You won’t catch him speeding up, but Ed Stasyshyn’s career shows little sign of slowing down.
After more than 50 years in the trucking industry, the 78-year-old Edmonton man is short of a big honor in his industry: the National Tank Truck Carriers’ Professional Tank Truck Driver of the Year award.
Bulk haulage companies across North America nominate drivers for the annual award, which recognizes community contributions and safety commitments.
Stasyshyn’s longtime employer Trimac Transportation nominated him for the award ahead of the pandemic and in February 2020 he flew to Arlington, Va. To participate in a series of challenges along with seven other finalists.
The awards ceremony has been postponed due to last year’s pandemic, but is scheduled to take place on Monday, June 14, at the association’s annual conference in Indianapolis, Indiana.
Because the trip would not be considered essential travel, Stasyshyn doesn’t plan to cross the border next week, but he said winning the award will still mean a lot to him and his employer.
If he wins, he would be the first Canadian driver to do so.
From trade to truck
Stasyshyn was born in Edmonton, but raised on a farm north of the city, becoming a certified journeyman electrician after high school.
While in his 20s, a strike at his workplace – a construction site at the Royal Alexandra Hospital – prompted him to change careers.
Needing money and tired of walking up and down the picket line, he began to pick up and drop off loads for Boychuk Transport. He enjoyed the freedom that came with work and decided to stick with it.
For many years, Stasyshyn’s roads followed highways through western Canada, going as far north as Whitehorse, and occasionally venturing into eastern Canada and the southeastern United States.
Now he’s staying closer to home, carrying powdered cement around town.
Stasyshyn knows some drivers don’t like it, but he takes speed limits very seriously. It pushes a hair under the limit, which allows time to make corrections or react in an emergency.
This commitment to safety could earn him the NTTC award.
“The first thing they look for is security,” Stasyshyn said.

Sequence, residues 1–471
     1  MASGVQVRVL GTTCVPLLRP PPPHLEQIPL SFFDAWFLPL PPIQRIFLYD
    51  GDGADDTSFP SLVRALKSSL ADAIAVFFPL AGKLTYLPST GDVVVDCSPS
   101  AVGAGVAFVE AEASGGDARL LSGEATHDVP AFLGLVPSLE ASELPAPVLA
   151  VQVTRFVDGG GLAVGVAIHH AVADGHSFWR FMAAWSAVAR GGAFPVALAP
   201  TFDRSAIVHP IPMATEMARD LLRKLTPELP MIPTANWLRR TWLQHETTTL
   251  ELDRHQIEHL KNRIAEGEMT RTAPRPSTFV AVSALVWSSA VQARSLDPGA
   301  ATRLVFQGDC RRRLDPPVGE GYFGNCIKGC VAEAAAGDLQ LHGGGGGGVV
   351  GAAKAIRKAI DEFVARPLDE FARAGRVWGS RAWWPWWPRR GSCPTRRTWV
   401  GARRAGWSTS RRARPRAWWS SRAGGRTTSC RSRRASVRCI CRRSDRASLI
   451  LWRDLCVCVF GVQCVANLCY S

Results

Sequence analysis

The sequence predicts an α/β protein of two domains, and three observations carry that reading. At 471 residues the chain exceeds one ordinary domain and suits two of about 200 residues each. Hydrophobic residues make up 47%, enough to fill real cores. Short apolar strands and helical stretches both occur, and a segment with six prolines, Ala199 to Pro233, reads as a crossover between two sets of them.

“If you’re a real asshole and you’ve only had problems, forget about it.”
Stasyshyn’s safety record speaks for itself. Other than two minor incidents, for which others were charged and charged with covering repair costs, he said he was never involved in an accident. And his license has been without demerit for over 40 years.
“Many operators will go years without having an incident, but for someone who will go decades, decades… this is at a level that we just don’t see,” said Travis Fast, deputy regional manager at Trimac Transportation.
Active radio8:0578-year-old tanker driver competing for an international award
Passion and support
Stasyshyn’s passion for the industry extends beyond the doors of his truck. He has served on works councils, worked with Women Building Futures and was Road Knight with the Alberta Motor Transport Association for two years.
Outside of the industry, he works with judo athletes, coaches with a club and volunteers at tournaments.
Stasyshyn considers a supportive spouse – his wife of 42 years – one of the secrets to his professional success.
She shovels the show and takes care of everything at home, allowing him to focus on his surroundings on the road.
“To be successful in trucking, you need to have a good support system in two places: first, at home, and you need to have a good support system at work,” he said.
“I’m lucky because I have both.”
Although he sometimes talks about retirement, his colleagues hope that day is over.
“We hope to have him around for a long time,” said Fast.